Heading into the beginning of 2013 the energy within our industry is higher than it’s been in years. Finally we’re seeing a resurgence in adult paysites and a willingness among consumers to give paid online content another shot. For the first time in a few years it seems that opportunity is knocking once more.
When XBIZ asked me to write a monthly column tailored to the new format of XBIZ World magazine, their only request was that I write with a focus on what’s current or on the future of adult paysites — not on the past. It’s ironic because the past is so much of the reason so many online businesses are struggling and why so many are failing.
A successful paysite recognizes its value and communicates it to customers. Every piece of marketing collateral and every page of a paysite tour (including the join page) should reinforce the value over and over again.
My background is paysites. Thirteen years ago I got started in adult by building and managing paysites for studios. Then I started an adult design company that designed tours and marketing materials …for promoting paysites. In 2006 I co-founded Elevated X which provides CMS software … for running paysites. Everything I’ve done in the past 13 years has centered around and building and managing successful paysites, not hobby projects but serious paysites — big ones, or ones that start small but have the potential to grow big. That being the case, it’s shocking to me how many people are still doing things exactly the same way we did a decade ago.
I can’t believe that an industry that once prided itself on pioneering is so stuck in the past. I’m left asking myself, is it really possible that so many adult companies haven’t noticed that things have changed?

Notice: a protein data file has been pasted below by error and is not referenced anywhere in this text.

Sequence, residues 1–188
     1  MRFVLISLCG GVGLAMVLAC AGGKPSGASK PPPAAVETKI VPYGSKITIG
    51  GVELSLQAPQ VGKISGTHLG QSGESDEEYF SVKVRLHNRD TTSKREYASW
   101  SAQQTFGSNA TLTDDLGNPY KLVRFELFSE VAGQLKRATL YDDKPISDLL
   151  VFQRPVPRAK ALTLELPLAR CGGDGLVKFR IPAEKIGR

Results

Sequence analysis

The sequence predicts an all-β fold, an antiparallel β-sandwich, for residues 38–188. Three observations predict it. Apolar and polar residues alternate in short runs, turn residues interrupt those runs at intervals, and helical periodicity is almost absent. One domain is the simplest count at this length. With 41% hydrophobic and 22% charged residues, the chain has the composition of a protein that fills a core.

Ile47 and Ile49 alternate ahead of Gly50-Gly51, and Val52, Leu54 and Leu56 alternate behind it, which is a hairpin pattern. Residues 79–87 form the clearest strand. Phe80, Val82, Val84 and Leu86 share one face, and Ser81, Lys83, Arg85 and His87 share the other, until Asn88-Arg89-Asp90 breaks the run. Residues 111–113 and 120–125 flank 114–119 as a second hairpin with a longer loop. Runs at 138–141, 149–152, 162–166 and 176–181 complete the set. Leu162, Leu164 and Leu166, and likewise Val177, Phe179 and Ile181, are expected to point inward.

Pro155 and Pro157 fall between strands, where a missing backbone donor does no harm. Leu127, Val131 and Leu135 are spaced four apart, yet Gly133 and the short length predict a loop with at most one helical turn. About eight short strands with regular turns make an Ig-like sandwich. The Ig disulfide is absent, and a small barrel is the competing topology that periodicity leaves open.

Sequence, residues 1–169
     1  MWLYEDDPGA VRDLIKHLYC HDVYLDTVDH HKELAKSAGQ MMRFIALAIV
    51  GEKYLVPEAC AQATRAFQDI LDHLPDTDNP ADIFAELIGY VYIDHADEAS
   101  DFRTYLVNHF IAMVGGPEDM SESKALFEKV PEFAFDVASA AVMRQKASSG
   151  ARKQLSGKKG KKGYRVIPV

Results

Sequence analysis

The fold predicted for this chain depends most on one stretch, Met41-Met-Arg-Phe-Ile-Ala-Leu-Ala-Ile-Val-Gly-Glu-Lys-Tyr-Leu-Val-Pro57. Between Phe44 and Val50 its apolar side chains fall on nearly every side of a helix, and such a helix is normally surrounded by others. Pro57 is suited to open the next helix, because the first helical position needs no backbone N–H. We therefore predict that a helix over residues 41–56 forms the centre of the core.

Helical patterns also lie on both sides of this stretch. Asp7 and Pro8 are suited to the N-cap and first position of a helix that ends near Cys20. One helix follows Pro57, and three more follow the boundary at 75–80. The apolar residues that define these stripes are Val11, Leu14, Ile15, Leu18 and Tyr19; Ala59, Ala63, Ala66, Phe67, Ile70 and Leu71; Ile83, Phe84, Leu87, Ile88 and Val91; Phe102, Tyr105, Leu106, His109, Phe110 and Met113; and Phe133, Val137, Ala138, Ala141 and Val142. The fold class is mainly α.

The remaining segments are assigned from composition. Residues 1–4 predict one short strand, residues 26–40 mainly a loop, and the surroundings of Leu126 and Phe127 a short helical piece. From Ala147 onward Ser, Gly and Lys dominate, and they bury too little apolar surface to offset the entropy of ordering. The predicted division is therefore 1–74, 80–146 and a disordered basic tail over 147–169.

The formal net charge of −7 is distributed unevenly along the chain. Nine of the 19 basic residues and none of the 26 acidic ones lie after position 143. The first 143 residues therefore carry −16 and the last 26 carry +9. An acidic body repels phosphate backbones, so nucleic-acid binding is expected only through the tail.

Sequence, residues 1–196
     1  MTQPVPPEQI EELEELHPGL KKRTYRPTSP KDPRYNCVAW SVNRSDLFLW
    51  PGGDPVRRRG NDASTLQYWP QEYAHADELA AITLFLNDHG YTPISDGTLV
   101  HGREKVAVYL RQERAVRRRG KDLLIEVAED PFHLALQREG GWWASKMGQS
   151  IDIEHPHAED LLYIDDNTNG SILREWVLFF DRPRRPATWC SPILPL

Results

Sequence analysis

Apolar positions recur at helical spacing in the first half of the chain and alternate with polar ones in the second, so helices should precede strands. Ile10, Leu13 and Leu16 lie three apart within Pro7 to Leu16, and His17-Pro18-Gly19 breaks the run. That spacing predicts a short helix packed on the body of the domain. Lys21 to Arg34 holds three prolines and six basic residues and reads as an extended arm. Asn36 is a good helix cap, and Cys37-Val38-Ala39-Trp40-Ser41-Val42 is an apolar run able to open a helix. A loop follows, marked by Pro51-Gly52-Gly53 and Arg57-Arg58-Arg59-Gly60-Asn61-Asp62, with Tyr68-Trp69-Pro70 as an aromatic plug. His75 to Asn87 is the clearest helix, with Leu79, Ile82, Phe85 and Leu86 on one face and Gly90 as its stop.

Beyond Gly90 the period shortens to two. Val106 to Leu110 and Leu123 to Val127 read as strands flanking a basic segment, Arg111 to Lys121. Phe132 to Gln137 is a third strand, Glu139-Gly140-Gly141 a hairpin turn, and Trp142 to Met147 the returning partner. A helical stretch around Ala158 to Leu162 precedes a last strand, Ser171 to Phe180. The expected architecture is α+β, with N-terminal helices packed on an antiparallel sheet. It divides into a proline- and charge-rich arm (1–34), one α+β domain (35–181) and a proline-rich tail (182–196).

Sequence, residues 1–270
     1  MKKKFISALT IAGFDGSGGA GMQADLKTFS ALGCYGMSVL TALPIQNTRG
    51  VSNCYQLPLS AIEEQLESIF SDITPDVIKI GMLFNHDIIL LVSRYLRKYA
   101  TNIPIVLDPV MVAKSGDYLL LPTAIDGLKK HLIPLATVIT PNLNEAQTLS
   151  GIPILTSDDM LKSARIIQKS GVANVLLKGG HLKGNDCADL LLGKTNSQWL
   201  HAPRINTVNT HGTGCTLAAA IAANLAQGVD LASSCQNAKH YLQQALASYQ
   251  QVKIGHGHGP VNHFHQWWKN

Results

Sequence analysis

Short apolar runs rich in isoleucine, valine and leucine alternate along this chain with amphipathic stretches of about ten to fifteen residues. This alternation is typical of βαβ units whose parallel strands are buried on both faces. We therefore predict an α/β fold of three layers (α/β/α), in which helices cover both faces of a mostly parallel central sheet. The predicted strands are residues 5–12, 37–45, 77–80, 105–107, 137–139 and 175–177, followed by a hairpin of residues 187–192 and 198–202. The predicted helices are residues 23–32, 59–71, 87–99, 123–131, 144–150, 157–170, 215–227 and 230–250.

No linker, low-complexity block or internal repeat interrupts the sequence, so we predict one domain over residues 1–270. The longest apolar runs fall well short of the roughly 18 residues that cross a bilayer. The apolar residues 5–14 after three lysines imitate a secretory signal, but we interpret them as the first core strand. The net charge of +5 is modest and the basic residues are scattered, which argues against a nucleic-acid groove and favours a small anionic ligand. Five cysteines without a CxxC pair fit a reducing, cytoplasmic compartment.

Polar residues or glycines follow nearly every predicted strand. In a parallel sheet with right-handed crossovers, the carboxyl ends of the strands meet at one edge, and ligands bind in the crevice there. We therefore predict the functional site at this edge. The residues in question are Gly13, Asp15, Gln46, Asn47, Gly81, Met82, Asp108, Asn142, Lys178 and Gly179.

Today’s economy is different. Today’s technology is as different as is today’s content and media. Today’s consumer has adapted to this as a natural progression but stagnation due to laziness and complacency caused by a not so distant past where big adult money was easy to come by has caused a lot of adult business owners to fall behind. The same content is no longer of interest to customers. Video formats, sizes, delivery methods and even the devices customers are using have changed.
For most of my software customers, the goal is to build or revamp paysites and get them generating a return on investment as quickly as possible without committing crimes against humanity or breaking any laws and mostly without losing their ass and ending up broke in the process.
Doing this doesn’t require a huge staff or a massive budget or big development or even many months of hard work. Elevated X powers some very big adult brands. We were surprised by it early on but have since become accustomed to hearing the smaller companies and independent producers report the most consistent growth year after year. The paysites we power that are the most successful are managed by people with a keen understanding of what their customers will pay for. They keep things simple and focus on what matters: Results.
Way back in 1854 Henry David Thoreau wrote the words, “Simplicity, simplicity, simplicity!” And it’s just as critical to success today as it was back then.
This is where I believe a majority of paysite owners go wrong.
At its core, the paysite sales formula is extremely simple: A good product + a good value + a good price = sales.
Once you have a good product that offers a good value at a good price, all you need to do is tell people about it. After you’ve told them about it, you need to keep them happy so they want to keep using your product and tell other people about it. It’s so simple I bet you can close your eyes and hear the bank teller counting out your stacks of hundred dollar bills and loading your briefcases with millions, right?
Two of the major faux pas that a lot of paysite owners commit that dooms them to failure are failing to understand what constitutes a good product and a good value in the mind of their customer and failing to enter into a market that allows them room to grow.